Israel does not merely want inspectors to have “anytime, anywhere” access to Iranian nuclear sites. It also wants to extend the 2015 nuclear deal’s restrictions beyond their expiration dates, limit Iran’s ballistic-missile testing and support of terrorism in the region and to halt its progress with advanced centrifuges that can speed up the process of enriching uranium for a nuclear bomb.

In contrast, a deal limited to just these two sites does not address any of the other fundamental issues.

It is also possible that one reason Iran agreed to provide access at this point is that it has just successfully routed the US twice at the UNSC – once regarding the conventional-arms embargo issue and a second time with the US attempt to snap back global sanctions.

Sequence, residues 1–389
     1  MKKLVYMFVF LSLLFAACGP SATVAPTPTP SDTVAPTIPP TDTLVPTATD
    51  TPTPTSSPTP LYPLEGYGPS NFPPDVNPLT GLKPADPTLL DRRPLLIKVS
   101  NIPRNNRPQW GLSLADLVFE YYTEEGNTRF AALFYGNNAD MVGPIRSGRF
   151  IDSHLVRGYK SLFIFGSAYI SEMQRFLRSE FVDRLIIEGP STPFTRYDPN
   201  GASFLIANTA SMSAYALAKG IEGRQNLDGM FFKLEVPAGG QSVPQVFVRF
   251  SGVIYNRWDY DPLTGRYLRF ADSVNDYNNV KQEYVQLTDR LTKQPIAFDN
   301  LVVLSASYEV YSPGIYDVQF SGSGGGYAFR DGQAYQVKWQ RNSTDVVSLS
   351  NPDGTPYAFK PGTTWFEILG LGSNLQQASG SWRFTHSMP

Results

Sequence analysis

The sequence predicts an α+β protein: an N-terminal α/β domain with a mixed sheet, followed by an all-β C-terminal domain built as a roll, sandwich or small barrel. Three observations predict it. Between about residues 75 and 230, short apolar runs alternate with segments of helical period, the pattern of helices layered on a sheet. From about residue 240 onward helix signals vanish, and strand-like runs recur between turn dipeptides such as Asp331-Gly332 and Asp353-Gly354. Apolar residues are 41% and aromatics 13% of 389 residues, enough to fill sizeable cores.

With these much-bigger diplomatic victories over the US, Tehran may feel more comfortable in showing flexibility on the relatively technical and narrow issue of access to these two nuclear sites.

When the attention was on Iran withholding access, the nuclear standoff could be framed as the rogue Islamic Republic playing another game of concealment with the international community and might have led to a more general rally against the ayatollahs.

Put differently, the IAEA-Iran dispute had regained the diplomatic high ground for Israel and the US to focus on: What is Iran hiding?

If Iran is no longer hiding anything, this path of diplomatic attack has run its course at the same time that Tehran has won much bigger victories and may be close to outlasting US President Donald Trump.